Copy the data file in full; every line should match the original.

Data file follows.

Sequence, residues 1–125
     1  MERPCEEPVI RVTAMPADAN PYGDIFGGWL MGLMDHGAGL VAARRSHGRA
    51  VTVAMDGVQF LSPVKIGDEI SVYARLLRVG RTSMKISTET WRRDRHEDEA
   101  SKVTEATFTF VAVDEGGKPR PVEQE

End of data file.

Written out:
Sequence, residues 1–125
     1  MERPCEEPVI RVTAMPADAN PYGDIFGGWL MGLMDHGAGL VAARRSHGRA
    51  VTVAMDGVQF LSPVKIGDEI SVYARLLRVG RTSMKISTET WRRDRHEDEA
   101  SKVTEATFTF VAVDEGGKPR PVEQE